Denise Robertson: Who are we to believe on the state of Britain's prisons?

The Minister for Prisons says one thing, the Chief Inspector of Prisons says another, but who should the public believe?

A prison guard
A prison guard

Last week I heard Nick Hardwick, Chief Inspector of Prisons, tell the Radio 4 audience he was afraid of the situation in Britain’s prisons.

He gave several reasons, but they all boiled down to lack of resources.

He didn’t mince words, saying there was a coming threat to inmates, staff and the public at large. Interviewed immediately after, Chris Grayling, Minister for Prisons, said there was no problem whatsoever and everything was hunky-dory. Indeed there were a thousand free spaces available.

The presenter questioned them closely, but neither budged an inch. I met Mr Hardwick when he was chief executive of Centrepoint.

He didn’t strike me as someone who would panic or make things up. Chris Grayling is a respected Government minister.

So who do we believe? The man in charge, or the man he employs to keep things running smoothly?

:: BBC Radio’s Tales From The Stave gave me half an hour of bliss recently.

The presenters had Leonard Bernstein’s diary for the period in which he was creating West Side Story, together with letters he wrote to his wife.

I was fascinated to hear that my favourite song, One Hand One Heart, which I took with me to my Desert Island, was actually composed for the fire-escape scene.

Oscar Hammerstein attended an early rehearsal and told Bernstein bluntly that no two lovers on a fire-escape at night would sing anything quite so restrained. As a result, Tonight, the song that now represents the show, was created.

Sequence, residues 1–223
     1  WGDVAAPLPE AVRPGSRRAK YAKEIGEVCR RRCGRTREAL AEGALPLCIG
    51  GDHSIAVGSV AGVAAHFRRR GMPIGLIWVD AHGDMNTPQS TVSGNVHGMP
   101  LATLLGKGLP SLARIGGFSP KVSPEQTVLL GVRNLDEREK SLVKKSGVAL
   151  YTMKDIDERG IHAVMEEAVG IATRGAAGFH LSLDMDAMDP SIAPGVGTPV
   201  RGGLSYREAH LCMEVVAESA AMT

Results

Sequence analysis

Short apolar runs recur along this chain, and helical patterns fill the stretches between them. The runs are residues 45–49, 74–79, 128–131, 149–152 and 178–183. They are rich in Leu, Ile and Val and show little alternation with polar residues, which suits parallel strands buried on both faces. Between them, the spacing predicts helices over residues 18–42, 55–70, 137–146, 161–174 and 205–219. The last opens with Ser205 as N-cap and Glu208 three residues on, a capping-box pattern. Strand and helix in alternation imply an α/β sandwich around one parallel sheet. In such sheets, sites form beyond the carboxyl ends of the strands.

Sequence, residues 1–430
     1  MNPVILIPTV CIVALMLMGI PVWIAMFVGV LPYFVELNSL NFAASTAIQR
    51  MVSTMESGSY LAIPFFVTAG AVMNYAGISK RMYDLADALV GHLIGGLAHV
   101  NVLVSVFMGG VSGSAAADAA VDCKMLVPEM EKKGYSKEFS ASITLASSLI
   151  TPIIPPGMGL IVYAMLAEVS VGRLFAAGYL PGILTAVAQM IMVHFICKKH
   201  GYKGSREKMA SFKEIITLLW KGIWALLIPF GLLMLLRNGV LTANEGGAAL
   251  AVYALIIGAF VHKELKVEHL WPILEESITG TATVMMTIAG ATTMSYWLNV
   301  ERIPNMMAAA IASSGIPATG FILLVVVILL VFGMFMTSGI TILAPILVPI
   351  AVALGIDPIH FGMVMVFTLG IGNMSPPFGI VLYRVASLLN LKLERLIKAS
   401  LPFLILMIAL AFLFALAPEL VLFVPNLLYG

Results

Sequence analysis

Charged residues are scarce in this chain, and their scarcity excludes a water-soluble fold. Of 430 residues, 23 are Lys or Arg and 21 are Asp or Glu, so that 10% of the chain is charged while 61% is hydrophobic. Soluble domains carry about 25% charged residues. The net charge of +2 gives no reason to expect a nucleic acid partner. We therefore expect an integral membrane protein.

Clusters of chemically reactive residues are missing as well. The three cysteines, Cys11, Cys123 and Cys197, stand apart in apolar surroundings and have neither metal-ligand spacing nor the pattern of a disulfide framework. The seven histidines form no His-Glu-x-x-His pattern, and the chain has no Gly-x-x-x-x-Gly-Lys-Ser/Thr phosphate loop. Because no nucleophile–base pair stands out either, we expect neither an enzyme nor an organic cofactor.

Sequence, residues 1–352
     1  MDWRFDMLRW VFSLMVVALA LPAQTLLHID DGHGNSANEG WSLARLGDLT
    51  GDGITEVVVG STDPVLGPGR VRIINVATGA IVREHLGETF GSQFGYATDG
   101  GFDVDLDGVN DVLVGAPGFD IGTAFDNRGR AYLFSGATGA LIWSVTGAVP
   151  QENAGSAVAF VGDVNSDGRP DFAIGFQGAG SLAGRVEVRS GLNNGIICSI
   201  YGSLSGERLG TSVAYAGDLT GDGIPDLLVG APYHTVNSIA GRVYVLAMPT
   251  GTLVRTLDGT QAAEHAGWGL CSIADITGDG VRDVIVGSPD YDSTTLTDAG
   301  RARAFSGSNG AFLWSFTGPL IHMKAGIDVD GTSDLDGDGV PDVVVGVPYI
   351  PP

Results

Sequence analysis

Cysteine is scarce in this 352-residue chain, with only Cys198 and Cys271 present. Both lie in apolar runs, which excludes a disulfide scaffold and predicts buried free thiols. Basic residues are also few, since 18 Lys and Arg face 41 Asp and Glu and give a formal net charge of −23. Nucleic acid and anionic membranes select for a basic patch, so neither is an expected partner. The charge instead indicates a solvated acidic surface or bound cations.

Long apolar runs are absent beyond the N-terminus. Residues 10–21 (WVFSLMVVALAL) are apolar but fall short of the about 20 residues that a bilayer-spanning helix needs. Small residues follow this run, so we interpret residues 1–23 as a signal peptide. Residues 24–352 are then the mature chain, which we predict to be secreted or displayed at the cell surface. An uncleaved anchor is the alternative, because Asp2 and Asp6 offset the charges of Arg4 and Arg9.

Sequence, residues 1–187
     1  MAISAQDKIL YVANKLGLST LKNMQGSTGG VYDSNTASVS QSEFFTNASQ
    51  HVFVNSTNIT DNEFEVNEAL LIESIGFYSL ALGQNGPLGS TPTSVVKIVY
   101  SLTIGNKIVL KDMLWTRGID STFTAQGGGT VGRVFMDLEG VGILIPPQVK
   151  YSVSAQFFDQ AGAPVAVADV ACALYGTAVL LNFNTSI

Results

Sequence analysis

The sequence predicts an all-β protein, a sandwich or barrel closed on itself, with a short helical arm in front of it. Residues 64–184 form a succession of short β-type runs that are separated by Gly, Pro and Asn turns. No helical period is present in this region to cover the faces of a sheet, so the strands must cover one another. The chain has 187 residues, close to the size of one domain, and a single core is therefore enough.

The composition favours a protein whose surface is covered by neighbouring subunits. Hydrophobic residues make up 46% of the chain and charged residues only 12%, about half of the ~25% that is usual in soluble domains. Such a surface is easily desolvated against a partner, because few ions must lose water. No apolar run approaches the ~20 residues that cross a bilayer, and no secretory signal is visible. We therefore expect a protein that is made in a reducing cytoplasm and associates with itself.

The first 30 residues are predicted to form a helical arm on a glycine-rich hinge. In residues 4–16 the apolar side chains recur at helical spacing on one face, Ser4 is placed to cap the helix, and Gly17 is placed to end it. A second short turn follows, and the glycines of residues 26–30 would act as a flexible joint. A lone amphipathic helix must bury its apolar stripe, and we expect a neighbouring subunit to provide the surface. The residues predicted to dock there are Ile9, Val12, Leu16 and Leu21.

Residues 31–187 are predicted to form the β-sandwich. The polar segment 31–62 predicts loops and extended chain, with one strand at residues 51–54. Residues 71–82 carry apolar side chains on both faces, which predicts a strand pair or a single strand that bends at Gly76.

The programme was full of snatches of the wonderful music and revealing facts about the production.

There was much angst, even tears, but towards the end Bernstein wrote to his wife “This show just might turn out to be worth the effort!” It was, Leonard, it was.

:: I hate writers who make statements likely to cause a furore and then, when the heat gets too intense, say they’ve been misunderstood.

Penelope Leach has back-tracked on much of what she said in Family Breakdown.

The book states that, after divorce, children under the age of four should remain with their primary caregiver – usually the mother – and never stay overnight with the absent parent, as to do so could interfere with brain and social development.

I think that’s dangerous advice. In the last few weeks we’ve read of two mothers killed in car accidents, leaving a young child.

If that child hasn’t a good relationship with its father, or father-substitute, it is going to be bereft indeed.

Of course the mother/baby bond is paramount, but to make it exclusive is, in my opinion, a mistake. Professor Charlie Lewis from Lancaster University agrees.

“The evidence, unfortunately, does not support Leach Metanalyses show that the more contact there is with the non-resident parent, the better the outcome for the child,” he says.

Of course children shouldn’t be passed from pillar to post, especially if there is not a good relationship with the father, but to suggest a child should never be apart from its mother at night is not only limiting for the child, it leaves no opportunity for the mother to relax.

Leach talks of children being ‘victims’ and says: “Divorce or separation will always be bad for children. It ranges from disruptive and sad to tragic. No matter how well-intentioned parents are, their divorce or separation always makes children unhappy. Always. No child is too young or too old to be affected by family break-up.”

She maintains children of divorce are likely to do badly at school, grow up to become risk-taking teenagers, even anti-social adults, and find it hard to form secure and trusting relationships later on.

What Ms Leach doesn’t tell us is the effect on children of growing up in a house where there is constant rowing or, worse still, icy silence.

I’ve found great happiness in marriage, but for 20 years I’ve been President of the National Council for Divorced and Separated.

I know that very few people divorce on a whim, indeed some have divorce forced upon them.

Whatever the circumstances, people caught up in that painful process need all the help they can get. They do not need telling that their children are doomed. If parents put children first when making post-divorce plans their future can be a good one.


David Whetstone
Culture Editor
Graeme Whitfield
Business Editor
Mark Douglas
Newcastle United Editor
Stuart Rayner
Sports Writer